Local hair salons work to become trans-welcoming spaces


Illustration by Olivia Abeyta

Some Evanston hair salons have changed their policies and pricing to become more trans-inclusive.

Aviva Bechky, Assistant City Editor

Like many other hair salons, Aim & Ailie Hair Boutique on Central Street used to split its services into men’s and women’s haircuts.

But when the shop’s then-manager, SESP junior and lifelong Evanston resident Trin Collins, came out as nonbinary, the salon’s owners brought up the possibility of changing their pricing model. Together, they worked out a new gender-inclusive policy.

“We all met and had a more meaningful conversation about what does it mean to be trans inclusive, what does it mean to create a safe space,” Collins said. “Because if we were going to say, ‘Hey, we’re a safe space,’ I wanted to make sure that my community actually felt safe there.”

Hairstyles traditionally have gendered connotations. Even shop names traditionally denote a gendered space: barbershops for men and hair salons for women. In recent years, however, some Evanston hairstylists and other local shop owners have worked to make their shops more inclusive.

Aim Larrabee, one of the owners of Aim & Ailie’s, said the changes they made were prompted by a conversation with Collins.

“(Collins) didn’t know if we had done what we can to make it an inclusive space,” Larrabee said. 

Larrabee said that was hard to hear, but Collins insisted on being heard. They worked together with other staff to change the salon’s policies. Larrabee said she had to override the default booking setting on the website, which was divided between men’s and women’s haircuts.

The salon also made other changes, like giving pronoun pins to staff and changing the bathroom sign to a gender-inclusive one. Afterwards, Collins said the environment at the salon improved.

“From folks working there to folks coming in, it just became queerer, which was really joyful,” they said.

Aim & Ailie’s isn’t the only hair salon in Evanston that’s shifted its business model. Claire Tourloukis, a hairstylist who runs Claire Does Hair at Salon Lofts, changed the gendered model of describing haircuts last December. She said she made the change after a nonbinary client asked her about advice on choosing a service.

“I thought … what am I waiting for?” Tourloukis said. “There’s no time like the present to change it.”

Strands for Trans, an initiative that aims to make salons and barbershops trans-inclusive, maintains a map of welcoming stores. Tourloukis added her salon to the map.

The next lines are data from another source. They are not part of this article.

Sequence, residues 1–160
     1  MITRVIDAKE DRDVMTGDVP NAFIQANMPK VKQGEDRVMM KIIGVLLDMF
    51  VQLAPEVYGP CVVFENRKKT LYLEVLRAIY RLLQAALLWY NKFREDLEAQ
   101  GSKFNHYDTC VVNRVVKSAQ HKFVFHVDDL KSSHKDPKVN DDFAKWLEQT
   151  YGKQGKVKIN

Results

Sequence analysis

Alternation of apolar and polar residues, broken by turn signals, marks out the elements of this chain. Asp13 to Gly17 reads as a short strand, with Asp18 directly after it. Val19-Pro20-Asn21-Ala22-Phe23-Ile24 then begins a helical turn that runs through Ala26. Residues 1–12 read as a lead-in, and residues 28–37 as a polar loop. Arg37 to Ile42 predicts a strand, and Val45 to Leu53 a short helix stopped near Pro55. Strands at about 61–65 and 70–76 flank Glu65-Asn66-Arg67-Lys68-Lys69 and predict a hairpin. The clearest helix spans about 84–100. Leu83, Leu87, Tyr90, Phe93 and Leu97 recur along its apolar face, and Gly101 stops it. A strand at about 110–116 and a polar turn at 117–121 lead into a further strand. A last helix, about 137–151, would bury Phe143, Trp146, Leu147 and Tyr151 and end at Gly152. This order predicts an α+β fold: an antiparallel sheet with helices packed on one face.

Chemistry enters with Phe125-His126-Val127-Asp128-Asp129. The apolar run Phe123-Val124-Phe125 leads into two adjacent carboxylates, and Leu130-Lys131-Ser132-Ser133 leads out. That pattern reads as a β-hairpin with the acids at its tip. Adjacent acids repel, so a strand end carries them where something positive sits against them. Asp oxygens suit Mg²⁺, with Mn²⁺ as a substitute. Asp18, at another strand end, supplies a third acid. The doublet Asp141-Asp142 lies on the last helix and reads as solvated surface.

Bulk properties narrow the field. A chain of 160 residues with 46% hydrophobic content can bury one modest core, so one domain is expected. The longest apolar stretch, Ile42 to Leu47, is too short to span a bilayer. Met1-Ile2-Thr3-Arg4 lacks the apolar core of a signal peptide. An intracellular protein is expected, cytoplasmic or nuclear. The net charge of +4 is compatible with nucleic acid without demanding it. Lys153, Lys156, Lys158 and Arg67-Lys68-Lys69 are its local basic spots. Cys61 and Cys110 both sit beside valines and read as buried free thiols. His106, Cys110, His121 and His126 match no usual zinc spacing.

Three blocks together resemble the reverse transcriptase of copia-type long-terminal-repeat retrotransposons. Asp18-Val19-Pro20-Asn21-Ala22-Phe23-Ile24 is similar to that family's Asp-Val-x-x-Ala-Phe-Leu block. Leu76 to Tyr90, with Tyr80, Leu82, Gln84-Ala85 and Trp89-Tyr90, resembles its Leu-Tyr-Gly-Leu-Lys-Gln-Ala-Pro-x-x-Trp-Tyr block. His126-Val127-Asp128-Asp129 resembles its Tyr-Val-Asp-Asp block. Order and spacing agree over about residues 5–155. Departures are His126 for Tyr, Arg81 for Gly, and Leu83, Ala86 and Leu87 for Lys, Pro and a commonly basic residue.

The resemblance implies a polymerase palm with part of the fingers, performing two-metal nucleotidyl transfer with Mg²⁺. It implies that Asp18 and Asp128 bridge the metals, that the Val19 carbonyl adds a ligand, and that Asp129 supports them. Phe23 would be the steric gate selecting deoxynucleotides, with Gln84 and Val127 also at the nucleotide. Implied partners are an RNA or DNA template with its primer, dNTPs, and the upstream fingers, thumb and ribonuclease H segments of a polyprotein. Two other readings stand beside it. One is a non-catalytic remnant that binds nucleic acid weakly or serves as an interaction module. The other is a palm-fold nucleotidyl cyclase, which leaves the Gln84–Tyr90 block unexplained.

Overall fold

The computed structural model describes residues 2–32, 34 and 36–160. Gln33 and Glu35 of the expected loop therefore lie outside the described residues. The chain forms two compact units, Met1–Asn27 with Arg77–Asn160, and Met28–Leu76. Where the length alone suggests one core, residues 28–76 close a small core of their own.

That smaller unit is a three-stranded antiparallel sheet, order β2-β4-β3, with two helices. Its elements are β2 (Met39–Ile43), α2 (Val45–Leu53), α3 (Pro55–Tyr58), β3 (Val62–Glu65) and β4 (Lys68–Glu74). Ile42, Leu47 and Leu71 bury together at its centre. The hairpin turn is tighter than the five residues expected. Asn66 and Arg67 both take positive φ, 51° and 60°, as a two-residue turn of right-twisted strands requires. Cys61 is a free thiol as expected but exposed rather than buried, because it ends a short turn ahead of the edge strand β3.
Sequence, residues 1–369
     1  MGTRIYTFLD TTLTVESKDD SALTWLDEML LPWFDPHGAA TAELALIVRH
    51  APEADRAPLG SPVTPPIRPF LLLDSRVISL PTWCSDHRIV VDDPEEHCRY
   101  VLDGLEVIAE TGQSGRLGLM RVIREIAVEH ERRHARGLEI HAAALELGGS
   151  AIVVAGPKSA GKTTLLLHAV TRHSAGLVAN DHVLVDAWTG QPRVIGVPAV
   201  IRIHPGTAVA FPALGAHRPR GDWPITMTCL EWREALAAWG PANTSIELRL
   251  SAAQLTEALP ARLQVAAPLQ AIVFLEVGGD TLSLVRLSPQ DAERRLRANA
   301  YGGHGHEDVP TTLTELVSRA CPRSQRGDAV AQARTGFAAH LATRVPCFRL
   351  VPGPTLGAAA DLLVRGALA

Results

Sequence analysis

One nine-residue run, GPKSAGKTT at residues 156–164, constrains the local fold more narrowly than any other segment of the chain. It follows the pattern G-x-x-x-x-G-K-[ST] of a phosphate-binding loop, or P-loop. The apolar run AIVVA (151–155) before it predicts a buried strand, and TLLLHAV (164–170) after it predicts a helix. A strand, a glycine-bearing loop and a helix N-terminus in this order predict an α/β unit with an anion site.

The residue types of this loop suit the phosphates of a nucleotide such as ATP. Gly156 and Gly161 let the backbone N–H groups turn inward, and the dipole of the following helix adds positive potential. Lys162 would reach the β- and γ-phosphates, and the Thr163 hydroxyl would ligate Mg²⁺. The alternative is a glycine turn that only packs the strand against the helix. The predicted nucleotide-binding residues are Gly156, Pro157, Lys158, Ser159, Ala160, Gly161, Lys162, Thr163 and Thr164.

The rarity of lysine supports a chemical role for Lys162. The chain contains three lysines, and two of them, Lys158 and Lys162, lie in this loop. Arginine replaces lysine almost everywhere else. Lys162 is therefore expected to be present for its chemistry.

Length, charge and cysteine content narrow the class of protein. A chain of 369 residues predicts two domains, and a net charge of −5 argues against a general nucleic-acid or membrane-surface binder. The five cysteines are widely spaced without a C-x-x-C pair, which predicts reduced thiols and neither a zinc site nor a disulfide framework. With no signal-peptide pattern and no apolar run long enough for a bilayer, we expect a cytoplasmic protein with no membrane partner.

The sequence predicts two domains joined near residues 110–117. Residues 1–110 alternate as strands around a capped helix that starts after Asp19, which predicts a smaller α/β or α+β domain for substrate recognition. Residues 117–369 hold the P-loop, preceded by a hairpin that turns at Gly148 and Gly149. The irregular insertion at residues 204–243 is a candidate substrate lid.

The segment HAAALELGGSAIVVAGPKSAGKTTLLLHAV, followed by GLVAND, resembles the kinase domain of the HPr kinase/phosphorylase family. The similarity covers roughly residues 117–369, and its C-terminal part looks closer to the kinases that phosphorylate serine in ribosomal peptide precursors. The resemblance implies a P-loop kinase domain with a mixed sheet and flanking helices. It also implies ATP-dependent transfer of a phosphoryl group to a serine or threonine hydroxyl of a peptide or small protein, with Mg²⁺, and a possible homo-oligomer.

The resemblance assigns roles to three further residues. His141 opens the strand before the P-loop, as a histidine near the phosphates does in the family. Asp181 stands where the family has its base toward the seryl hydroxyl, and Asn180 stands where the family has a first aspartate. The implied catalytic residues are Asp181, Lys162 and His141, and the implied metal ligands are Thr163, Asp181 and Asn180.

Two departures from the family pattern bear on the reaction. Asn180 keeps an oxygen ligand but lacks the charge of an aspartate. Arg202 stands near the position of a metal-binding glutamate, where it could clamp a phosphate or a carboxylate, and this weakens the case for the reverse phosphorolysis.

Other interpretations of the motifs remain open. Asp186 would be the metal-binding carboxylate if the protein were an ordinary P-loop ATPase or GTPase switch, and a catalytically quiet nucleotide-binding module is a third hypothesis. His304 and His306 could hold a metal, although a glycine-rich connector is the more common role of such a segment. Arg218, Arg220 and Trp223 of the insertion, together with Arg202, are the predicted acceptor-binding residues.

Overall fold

Tourloukis noted that hair can be a medium for exploring gender for some of her clients. One client in particular spoke with her about the ways she wanted to express herself through hair.

“She’s feeling a little bit more masculine, wants to kind of explore that side of herself,” Tourloukis said. “So she’s like, ‘I want to try blue.’ So I’m like, ‘Okay, let’s try blue.’ We took a bunch of lengths off and kind of gave her a shorter style.”

Jamie Black, who used to live in Evanston and now lives in Chicago, said Evanston feels like a generally accepting space to him as a trans man.

However, he said he doesn’t have to worry as much about being safe in businesses — at least on account of his gender — because he’s able to pass as cisgender. For him, being a Black man is a much more identifiable position.

“Nobody’s gonna go, ‘Oh, wait a second. That’s a trans man. I don’t want them in my business,’” he said. “I’m kind of in a position where I can be incognito.”

To Collins, Evanston businesses still have a ways to go to be completely trans-welcoming.

Supporting trans people shouldn’t be about making more money, they said. They pointed out Evanston doesn’t have a space that serves queer youth and offers gender-affirming clothes and haircuts. Collins called for businesses to step up and fill that gap.

“It’s not all about profit,” Collins said. “It’s about, we know that trans youth of color are grossly mistreated in our communities, and how can we go out of our way to serve them?”

Email: [email protected]

Twitter: @avivabechky

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